Share farming is an arrangement where two parties, a landowner and a share farmer, carry on separate farming businesses on the same land without forming a partnership or company. Each makes separate contributions, for example land, machinery, labour and expertise and takes a share in the produce or gross output. Each party to the arrangement contributes their own costs of production. The share farmer and landowner keep their own accounts and calculate their own profits as separate and independent businesses. However each business is very closely linked.
The arrangement is not and cannot operate as a de facto conacre arrangement as both parties must share risks and rewards The details of the share farming arrangement are set out in a written legal agreement. As both individuals remain separate business entities they may continue to claim the Basic Payment Scheme,GLAS/REAP etc. in their own name and also maintain their separate tax affairs as normal.
The appeal of the agreement to growers is that it allows a new way of accessing land which increases scale in a controlled manner. Properly managed, this increase in scale will reduce production costs through increased purchasing/ selling power and will lower machinery costs and reduce fixed costs per acre. For the landowner the share farming agreement offers the opportunity to leverage all the advantages attained by grower and also tap into the expertise of the grower to increase output. The increased output at lower costs increases the overall output benefit of both parties in the agreement.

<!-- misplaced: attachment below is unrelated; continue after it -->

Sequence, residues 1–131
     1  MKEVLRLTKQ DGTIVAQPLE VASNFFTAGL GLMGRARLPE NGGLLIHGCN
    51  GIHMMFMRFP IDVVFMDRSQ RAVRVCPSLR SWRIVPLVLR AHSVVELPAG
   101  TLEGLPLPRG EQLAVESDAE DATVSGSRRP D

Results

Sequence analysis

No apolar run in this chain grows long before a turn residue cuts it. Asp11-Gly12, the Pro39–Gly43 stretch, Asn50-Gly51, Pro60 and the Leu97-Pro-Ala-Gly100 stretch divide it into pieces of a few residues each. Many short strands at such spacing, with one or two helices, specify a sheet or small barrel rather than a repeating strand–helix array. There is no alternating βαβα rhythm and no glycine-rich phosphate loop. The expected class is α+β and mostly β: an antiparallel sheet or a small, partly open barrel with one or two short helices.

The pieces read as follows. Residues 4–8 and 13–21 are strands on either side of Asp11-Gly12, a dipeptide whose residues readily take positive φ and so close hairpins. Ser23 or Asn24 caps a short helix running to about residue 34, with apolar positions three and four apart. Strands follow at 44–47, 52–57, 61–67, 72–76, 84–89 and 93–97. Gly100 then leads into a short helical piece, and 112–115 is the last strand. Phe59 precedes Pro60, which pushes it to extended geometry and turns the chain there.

All farmers and landowners should familiarise themselves with the agreement and assess whether it is a viable option for the future.